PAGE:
This linden species is native to Europe and parts of Caucasia, with its northern limit reaching Finland, as far north as Vaasa. Of the so-called “valuable” broadleaf species, little leaf linden is the northernmost, having spread into Finland since the last ice age, about 5000 years ago. It was a valuable tree to Stone Age inhabitants, providing valuable fibres for bindings. This usage continued right up to the 1800s. However, removal of the bark in large amounts over the centuries means that the species has largely disappeared from natural sites.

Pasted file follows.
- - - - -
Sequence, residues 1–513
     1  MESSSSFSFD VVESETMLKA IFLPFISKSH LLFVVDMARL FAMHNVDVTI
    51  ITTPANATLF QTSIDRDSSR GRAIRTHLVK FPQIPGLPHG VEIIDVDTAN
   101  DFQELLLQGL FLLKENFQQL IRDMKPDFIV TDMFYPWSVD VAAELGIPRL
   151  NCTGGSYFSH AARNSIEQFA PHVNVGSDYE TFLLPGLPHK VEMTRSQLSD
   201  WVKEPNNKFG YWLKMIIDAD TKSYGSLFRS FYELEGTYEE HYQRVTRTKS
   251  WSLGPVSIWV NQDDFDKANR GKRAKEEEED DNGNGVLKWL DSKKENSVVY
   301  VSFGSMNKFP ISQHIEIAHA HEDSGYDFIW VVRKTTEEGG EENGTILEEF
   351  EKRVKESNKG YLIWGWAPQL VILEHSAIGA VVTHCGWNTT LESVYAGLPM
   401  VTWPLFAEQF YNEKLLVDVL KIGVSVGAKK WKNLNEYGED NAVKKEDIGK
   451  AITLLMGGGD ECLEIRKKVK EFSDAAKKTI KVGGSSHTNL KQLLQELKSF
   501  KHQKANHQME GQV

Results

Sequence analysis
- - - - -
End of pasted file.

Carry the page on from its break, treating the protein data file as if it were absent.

Little leaf linden prefers rich soils. Its crown is fairly narrow and branches, especially older ones, tend to droop at the tips. The leaves are heart-shaped, smallish, the under surface slightly bluish. Flowers are star-shaped, pale yellow and grow in small fan-shaped clusters. The linden flowers in summer, when it can be recognised by the fragrance of its nectar, which attracts clouds of insects. The small fruit are almost smooth.
At Mustila there are some large specimens near Juhlapaikka, or Festival Area, opposite the stand of Japanese larch. New specimens grown from seed collected in a natural stand at Puruvesi were planted in 2010 on Pohjoisrinne (or Northern slope).